Shire Folk is a free, A5, bimonthly magazine covering folk, roots and acoustic music in and around the South Midlands. It has been produced for around 25 years on a not-for-profit basis, paid for by advertising revenue. Each issue includes news items, both local and national, artist interviews, festival and gig reviews, as well as reviews of about 30 new CDs.

From our base in Oxford, we distribute 1800–2000 copies through an intricate network of folk clubs, record shops, libraries, music venues, pubs, morris dancing teams, festivals and individuals. Click here to see a list of places that receive bulk copies of Shire Folk. We think you can safely assume that well over 4000 people read each issue.

If you want to make sure you get a copy of the magazine , then you can have it delivered at a charge of £10 for the next six issues. Full details are on the Subscribe page.

We accept advertising on all folk-related subjects; rates and copy dates can be found on the Advertise page. If you wish to see a sample copy please email us or write to us using the details on the Contact page.

Graham Hobbs & Jonathan Roscoe
Co-Editors, Shire Folk



At the beginning of this year a new album chart was revealed for Americana. It’s a term that’s frequently bandied around (including in this very mag), but hands up anyone who knows what it means? No, I thought not. The Official Charts Company, who know about such things, define it as ‘contemporary music that incorporates elements of various American roots music styles, including country, roots-rock, folk, bluegrass, R&B and blues’. Does that help? No? Again, I thought not. There are rappers who sample old blues and R&B, but I don’t think you’ll see N.W.A. in the Americana charts any time soon.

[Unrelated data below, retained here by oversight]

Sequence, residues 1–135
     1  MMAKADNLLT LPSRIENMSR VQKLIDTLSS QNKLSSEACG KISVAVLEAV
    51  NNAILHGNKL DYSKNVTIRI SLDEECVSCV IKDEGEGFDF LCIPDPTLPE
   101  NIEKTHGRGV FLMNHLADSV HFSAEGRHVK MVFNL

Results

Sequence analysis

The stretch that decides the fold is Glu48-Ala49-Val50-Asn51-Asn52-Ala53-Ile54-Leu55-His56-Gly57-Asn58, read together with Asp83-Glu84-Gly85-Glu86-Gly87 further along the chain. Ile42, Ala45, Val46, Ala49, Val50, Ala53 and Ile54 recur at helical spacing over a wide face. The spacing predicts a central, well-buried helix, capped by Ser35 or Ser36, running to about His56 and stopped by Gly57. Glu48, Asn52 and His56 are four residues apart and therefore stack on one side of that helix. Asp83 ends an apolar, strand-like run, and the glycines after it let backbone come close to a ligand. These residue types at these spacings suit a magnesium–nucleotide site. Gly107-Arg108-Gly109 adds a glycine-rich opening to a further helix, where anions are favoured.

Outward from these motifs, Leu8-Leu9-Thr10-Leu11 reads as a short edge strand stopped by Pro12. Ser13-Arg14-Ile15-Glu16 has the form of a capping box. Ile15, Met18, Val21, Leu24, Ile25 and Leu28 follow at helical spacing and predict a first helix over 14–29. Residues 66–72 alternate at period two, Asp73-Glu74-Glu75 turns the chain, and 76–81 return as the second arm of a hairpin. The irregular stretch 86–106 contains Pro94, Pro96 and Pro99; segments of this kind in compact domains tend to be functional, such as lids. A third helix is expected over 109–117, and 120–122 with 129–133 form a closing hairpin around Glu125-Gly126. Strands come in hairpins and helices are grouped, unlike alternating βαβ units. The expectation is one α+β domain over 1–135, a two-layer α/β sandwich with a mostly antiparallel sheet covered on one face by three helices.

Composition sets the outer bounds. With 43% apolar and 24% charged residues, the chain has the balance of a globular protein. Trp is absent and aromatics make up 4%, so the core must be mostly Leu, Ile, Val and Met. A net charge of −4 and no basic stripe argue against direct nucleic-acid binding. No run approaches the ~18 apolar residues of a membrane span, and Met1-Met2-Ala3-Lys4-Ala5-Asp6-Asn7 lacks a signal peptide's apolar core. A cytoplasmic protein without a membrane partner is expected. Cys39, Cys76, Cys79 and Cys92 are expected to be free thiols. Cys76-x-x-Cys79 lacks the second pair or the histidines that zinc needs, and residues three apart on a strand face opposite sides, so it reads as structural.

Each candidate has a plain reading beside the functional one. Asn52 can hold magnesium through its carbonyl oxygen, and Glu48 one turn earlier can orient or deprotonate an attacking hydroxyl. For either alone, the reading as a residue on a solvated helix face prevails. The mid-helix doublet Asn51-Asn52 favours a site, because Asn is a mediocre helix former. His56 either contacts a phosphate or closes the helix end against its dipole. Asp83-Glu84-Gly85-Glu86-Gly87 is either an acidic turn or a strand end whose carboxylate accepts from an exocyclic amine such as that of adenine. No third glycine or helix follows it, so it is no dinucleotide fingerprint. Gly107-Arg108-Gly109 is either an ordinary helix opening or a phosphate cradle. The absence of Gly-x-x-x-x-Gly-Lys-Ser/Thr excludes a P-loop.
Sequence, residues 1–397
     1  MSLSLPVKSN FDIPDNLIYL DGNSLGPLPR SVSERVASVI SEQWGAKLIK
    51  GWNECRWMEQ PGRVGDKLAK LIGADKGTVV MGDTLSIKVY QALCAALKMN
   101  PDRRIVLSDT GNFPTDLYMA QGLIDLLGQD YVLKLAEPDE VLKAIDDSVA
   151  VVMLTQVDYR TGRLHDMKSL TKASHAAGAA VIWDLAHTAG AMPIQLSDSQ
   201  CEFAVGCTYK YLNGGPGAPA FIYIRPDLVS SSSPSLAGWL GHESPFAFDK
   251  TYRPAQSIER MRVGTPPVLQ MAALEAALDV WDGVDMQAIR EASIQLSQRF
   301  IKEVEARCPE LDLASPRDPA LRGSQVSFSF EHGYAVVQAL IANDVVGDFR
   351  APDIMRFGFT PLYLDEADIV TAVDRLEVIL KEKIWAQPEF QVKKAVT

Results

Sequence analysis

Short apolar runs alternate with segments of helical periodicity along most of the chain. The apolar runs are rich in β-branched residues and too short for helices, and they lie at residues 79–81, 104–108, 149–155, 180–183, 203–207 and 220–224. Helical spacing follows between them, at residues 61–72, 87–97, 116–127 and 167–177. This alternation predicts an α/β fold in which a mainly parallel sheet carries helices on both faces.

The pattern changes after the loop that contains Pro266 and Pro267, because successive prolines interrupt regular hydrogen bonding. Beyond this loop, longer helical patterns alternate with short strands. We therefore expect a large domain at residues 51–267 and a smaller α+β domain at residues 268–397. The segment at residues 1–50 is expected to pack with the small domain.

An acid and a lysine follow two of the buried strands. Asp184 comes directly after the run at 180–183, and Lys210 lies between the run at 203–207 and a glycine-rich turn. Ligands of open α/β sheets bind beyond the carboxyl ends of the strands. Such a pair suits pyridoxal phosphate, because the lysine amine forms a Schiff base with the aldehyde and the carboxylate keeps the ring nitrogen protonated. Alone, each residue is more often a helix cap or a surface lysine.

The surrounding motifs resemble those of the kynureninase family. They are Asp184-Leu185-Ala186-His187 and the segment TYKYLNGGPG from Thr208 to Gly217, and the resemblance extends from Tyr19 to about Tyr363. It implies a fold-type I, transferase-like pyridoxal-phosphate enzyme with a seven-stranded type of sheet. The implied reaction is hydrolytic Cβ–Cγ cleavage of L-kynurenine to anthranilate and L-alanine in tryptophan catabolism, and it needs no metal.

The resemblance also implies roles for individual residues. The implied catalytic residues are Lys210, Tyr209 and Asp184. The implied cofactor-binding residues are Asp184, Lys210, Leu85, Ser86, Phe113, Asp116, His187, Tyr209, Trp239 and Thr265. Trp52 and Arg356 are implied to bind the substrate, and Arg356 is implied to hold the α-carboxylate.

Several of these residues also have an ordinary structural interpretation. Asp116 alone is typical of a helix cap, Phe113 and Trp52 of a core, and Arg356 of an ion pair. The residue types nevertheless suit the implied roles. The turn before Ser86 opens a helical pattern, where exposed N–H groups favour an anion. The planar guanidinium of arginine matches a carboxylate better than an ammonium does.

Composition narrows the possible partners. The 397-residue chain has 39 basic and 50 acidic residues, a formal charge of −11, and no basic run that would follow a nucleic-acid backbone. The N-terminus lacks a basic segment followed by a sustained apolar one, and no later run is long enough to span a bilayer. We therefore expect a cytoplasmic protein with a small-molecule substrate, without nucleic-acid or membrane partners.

OK, so who IS included in this new chart? On the plus side, the likes of Lucinda Williams and Bonnie ‘Prince’ Billy are there – easily recognisable as ‘Americana’ I suppose. But at the time of writing, who’s that at the top of the charts? Elle King – that’s who. Well if she’s Americana then I’m Merle Haggard. So much for credibility. Take a listen to current single ‘Ex’s and Oh’s’. Actually don’t – it’s a terrible synthetic version of something much more rootsy. Its relationship to roots music is roughly the one Culture Club’s ‘Do You Really Want To Hurt Me?’ had with reggae.

Despite its name ‘Americana’ is not solely American music. Top of the 2015 album sales chart are Swedish sisters First Aid Kit and English Shire Folk favourites, country soulsters Danny & the Champions of the World. Plus the psychedelically tinged Americana stylings of the Dreaming Spires are to be found on the awards podium at this year’s inaugural Americana Music Association UK awards alongside another of our favourites, Australian Emily Barker. Talking of whom, her new album with Amber Rubarth and Amy Speace, aka Applewood Road is Americana out of the toppermost drawer. As we often say here: folk, roots and acoustic music is a very broad church, but according to the Americana chart compilers not one that includes Mumford and Sons – not since they put down their banjos anyway. And for that at least, we should be very grateful indeed.

Jonathan Roscoe